No, I didn’t plot. I wrote the first part down as it came to me, and then one day I decided it was time to start moulding these connected ‘bits’ into a novel. I did need to do some hard thinking at times about what would happen next. It was especially important that I figured out why Pearl was so sad, and also how she could confront that sorrow.

6. What is the hardest thing about finishing a book?

Knowing when it is finished. First, when you write the last word of a draft, you have to stop yourself from feeling that it is finished Many writers (myself included) finish that first draft and desperately want to send it out. But you can’t.

You need to leave it for a week, a month – or as long as you can bear – and then revise it, and revise again until it is perfect.

7. How did you know that the story of Pearl was finished?

When I could sit and read it without wanting to change a word here, a line here. I did find it hard to find the courage to submit the manuscript – because I had invested a lot into the story emotionally and was very scared of rejection.

8. How important was setting to your story – and how did you interweave it with the plot?

As I wrote the book I wasn’t overly conscious of developing a specific setting. As I revised, I realised this was a good thing – Pearl’s school is a school, the church is a church and so on. This story could be happening anywhere. The exception is perhaps Pearl’s house, which I wanted to portray as being a comfy, but modest home, because that encapsulates Pearl’s family.

With the house we get the feeling of a well-loved garden, and house which has been a loving home to these three characters. This is done not through describing the house, but through hints at things like Granny’s bench in the garden and the kitchen sink which overlooks that garden.

9. How did you get your first book published?

I spent many years writing manuscripts and seeking publication. In the end, my very first book was accepted almost by chance. I am a qualified teacher and I saw an advertisement in the employment pages for teachers to write educational materials. I got the information, wrote a proposal and, soon after, received a contract to write a book of educational activities.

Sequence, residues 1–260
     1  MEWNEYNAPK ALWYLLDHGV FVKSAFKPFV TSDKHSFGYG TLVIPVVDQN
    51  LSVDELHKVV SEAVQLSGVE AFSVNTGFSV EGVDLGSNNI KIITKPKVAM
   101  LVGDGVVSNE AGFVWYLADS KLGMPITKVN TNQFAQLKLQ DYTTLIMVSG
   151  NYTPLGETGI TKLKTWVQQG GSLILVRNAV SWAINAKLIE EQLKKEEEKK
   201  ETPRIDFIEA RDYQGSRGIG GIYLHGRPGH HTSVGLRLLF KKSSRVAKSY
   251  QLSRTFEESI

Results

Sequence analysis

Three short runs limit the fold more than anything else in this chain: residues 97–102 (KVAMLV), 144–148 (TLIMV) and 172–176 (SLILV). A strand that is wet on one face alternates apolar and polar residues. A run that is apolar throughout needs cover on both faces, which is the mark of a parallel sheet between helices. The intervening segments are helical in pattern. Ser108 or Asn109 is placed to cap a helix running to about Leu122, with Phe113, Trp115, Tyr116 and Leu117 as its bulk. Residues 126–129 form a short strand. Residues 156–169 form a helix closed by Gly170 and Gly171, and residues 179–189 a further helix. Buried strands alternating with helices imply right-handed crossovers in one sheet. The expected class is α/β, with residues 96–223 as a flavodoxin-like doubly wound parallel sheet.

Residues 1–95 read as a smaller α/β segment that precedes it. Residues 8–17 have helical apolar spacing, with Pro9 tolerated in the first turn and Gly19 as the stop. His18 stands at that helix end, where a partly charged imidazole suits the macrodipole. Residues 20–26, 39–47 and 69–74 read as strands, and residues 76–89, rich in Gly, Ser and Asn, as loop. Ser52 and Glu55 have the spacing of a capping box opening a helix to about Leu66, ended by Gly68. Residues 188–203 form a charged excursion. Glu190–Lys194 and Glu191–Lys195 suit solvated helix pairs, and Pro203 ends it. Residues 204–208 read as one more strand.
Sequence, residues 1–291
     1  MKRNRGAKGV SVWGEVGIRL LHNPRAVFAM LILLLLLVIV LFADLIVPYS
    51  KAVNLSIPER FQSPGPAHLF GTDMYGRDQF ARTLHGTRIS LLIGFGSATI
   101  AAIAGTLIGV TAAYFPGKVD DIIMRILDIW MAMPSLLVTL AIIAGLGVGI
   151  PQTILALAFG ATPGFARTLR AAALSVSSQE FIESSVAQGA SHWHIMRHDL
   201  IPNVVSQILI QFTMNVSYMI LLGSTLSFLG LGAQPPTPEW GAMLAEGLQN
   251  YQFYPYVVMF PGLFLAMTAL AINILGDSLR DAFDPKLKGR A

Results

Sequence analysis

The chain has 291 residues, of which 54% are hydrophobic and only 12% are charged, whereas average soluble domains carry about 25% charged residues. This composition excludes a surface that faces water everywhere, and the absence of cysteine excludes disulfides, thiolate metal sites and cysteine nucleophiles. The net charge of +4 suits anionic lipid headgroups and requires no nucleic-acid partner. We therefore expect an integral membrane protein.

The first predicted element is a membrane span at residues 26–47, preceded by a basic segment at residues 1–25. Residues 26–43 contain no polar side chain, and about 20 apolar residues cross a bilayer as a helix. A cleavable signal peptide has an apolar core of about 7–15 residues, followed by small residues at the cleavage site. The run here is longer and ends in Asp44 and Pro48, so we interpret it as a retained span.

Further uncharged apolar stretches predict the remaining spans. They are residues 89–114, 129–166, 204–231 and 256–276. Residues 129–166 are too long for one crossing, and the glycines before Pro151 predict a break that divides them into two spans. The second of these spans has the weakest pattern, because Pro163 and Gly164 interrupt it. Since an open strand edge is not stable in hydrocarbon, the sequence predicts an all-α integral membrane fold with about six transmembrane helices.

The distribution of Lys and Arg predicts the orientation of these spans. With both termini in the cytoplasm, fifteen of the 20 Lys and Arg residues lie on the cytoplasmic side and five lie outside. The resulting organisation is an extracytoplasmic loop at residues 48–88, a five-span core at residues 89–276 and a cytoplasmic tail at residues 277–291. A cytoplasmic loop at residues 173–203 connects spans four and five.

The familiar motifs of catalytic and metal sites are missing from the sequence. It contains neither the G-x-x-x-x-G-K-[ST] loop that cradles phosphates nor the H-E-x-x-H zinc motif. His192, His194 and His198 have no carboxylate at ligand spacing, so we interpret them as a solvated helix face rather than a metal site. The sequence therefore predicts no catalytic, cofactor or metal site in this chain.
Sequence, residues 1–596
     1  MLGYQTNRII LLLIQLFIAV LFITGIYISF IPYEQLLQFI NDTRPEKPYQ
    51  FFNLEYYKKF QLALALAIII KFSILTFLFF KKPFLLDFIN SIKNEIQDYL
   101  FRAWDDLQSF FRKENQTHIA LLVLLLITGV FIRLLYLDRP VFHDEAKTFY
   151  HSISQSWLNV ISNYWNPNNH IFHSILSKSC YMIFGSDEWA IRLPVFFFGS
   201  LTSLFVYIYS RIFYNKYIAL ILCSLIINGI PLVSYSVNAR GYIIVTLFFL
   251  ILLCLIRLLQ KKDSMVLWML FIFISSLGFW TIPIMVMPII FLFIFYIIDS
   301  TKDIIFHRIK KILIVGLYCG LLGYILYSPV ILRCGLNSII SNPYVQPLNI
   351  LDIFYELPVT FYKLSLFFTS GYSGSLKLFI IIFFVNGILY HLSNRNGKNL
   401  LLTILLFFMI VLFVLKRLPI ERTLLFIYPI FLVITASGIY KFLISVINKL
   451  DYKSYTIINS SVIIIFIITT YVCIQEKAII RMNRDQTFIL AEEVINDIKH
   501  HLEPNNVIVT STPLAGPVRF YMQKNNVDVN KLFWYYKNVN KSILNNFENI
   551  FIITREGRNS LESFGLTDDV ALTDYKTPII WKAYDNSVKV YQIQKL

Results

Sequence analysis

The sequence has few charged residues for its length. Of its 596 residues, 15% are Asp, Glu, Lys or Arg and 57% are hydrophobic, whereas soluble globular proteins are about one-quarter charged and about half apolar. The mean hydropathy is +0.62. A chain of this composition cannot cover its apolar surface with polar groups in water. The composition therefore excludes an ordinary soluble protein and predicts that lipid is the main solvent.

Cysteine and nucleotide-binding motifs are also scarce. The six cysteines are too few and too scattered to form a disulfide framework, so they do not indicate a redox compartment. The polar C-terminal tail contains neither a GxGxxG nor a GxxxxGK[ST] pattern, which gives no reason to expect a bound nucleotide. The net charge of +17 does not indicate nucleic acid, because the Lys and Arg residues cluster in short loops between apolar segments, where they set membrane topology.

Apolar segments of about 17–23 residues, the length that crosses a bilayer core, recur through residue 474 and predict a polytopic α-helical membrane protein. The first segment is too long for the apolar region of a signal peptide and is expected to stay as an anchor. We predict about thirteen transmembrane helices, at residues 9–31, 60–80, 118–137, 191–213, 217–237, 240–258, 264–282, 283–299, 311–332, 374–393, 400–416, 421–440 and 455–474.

My first fiction title took longer, and by then I had written more manuscripts than I care to mention. My first trade title, Doggy Duo, was written carefully to the series guidelines for the Banana Splits series by Banana Books.

I submitted the carefully edited manuscript to the publisher and it was accepted. I was delighted, of course I now have twenty-eight educational and trade titles in print and more accepted. But I still have many manuscripts which haven’t yet found publishers.

10. Your story deals with some intense heartfelt issues.

How did you convey these in your story? I think through the use of the first person voice. For this story, I don’t think I could have conveyed the same level of emotion without using Pearl’s voice.pearlcover

We are taken inside Pearl’s head, and her whirling thoughts – her confusion, her sorrow, her anger. I think, too, that Heather Potter’s gorgeous illustrations manage to add to this emotion. I am so glad Walker decided this should be an illustrated book, and that Heather was chosen as the illustrator.

Thanks for visiting again Sally, and for sharing some valuable ‘secrets’ on how you write such wonderful books.

To find out more about Sally and her gorgeous new book, don’t forget to visit the other places she’ll be touring:

May 1 Spinning Pearls http://spinningpearls.blogspot.com

May 2 The Writing Life www.bjcullen.blogspot.com

May 3 Tips for Young Writers  www.tips4youngwriters..wordpress.com

May 4 Persnickety Snark http://persnicketysnark.blogspot.com

May 5 Let’s Have Words www.letshavewords.blogspot..com

May 6 Just listen Book Reviews http://justlistenbookreviews.blogspot.com/

May 7 Look at That Book http://lookatthatbook.blogspot.com

May 8 Write and Read With Dale http://www.livejournal.com/users/orangedale/

May 9 Tales I Tell http://belka37.blogspot.com/

May 10 Robyn Opie’s Writing Children’s Books http://www.robynopie.blogspot.com


You can visit Sally online at her website hhtp://www.sallymurphy.net,  or her blog http://www.sallymurphy.blogspot.com/ and Pearl Verses the World can be purchased online at: